The total yardage numbers aren't great &mdash Wisconsin racked up 598 yards, a total Oregon has surpassed four times this year — but the offense churned a staggering 8.8 yards per play. And though that statistic is helped by a late touchdown from freshman quarterback Jon Budmayr to freshman receiver Jared Abbrederis, it's a number that Oregon's offense hasn't touched this year. (Also, the Badgers were even better against Austin Peay, at 9.1 yards per play.)

And though critics may charge that Wisconsin ran up the score, especially with a touchdown in the final two minutes, it's clear that the last scoring play, a 17-yard run by third-string quarterback Nate Tice, was not designed to get six points.

Tice gets teased by his teammates because his father, former Minnesota Vikings coach Mike Tice, is an assistant with the Chicago Bears. He also gets teased because his 40-yard dash time is eye-popping for the wrong reasons.

"He'll probably be the first to tell you," UW coach Bret Bielema said, "he is probably a 5.5."

But with UW leading, 76-20, and looking to close out the game with one more first down before running out the clock, offensive coordinator Paul Chryst called a bootleg for Tice.

"When Coach Chryst called a naked (bootleg)," Bielema said, "it brought a variety of laughter on the headsets."

Tice ran the play beautifully to the left and then wove his 6-foot-5, 230-pound frame through several defenders and into the end zone for a 17-yard touchdown with 1 minute 57 seconds left.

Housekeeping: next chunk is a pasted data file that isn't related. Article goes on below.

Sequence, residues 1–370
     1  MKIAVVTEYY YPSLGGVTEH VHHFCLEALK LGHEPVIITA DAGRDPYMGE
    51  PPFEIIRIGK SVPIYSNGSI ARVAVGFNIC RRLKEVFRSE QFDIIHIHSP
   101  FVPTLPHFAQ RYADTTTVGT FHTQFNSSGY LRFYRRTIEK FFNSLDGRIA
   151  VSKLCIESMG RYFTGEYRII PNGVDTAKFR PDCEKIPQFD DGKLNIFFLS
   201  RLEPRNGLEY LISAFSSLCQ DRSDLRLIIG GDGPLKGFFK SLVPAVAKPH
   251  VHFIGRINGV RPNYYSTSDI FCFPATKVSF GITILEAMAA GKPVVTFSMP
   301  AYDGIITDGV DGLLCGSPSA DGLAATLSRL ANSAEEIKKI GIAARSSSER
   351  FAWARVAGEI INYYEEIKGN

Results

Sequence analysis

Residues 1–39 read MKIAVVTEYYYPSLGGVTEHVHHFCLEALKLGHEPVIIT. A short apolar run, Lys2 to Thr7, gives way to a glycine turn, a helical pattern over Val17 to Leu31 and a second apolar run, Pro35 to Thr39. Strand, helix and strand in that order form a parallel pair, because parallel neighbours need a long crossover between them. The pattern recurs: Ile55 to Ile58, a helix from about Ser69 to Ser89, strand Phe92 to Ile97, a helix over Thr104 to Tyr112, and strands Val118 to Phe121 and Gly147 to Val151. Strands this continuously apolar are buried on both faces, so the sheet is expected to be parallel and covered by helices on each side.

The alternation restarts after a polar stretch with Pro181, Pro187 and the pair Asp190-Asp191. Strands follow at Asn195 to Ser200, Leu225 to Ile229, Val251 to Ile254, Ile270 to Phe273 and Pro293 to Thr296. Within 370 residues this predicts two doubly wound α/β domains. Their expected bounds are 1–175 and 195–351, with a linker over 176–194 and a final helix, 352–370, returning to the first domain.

"I told the kids afterward we found our fifth-string tailback," Bielema joked.

If Indiana can't stop that, there are much bigger problems in Bloomington than whether or not Wisconsin wanted to use the Hoosiers to score style points.

Oregon's Berkeley Brownout. The best team in the nation shouldn't need a missed field goal in the fourth quarter to beat a Cal team that has lost to Nevada. Yet Oregon did, and, for once, the Ducks can blame their offense.

Chip Kelly's usually breathtaking crew was choked off on Saturday, producing season-lows in a few major categories. The Ducks' 3.8 yards per play was 2.1 yards fewer than their previous low; the 317 total yards was 68 yards lower than the previous nadir, and came on 16 more plays; the 15 points was a season low by 27 points, and the lowest Oregon output since the disastrous season opener against Boise State last year.

Last week, I wrote, "If you leave these Ducks breathing for long enough, they will find a way to dive bomb you." That never happened against Cal, as the Ducks had no plays of more than 30 yards. If another team can do to the Ducks offense what Cal's defense did, it seems unlikely that the iffy Oregon defense will be able to keep them flying high again.

The one bit of promising offense news from Saturday for Ducks fans: that breakneck offense can burn clock, too. On Oregon's final drive, the offense ran 18 plays and chewed up the last 9:25 of the clock to survive its scare in Strawberry Canyon.

The Still Sponsor-Free Conference USA Shootout of the Week. Tulane 54, Rice 49. The Green Wave and Owls combined for 1,054 yards, and after Rice took the lead with just over two minutes remaining, Tulane took it back for good with just over one minute left.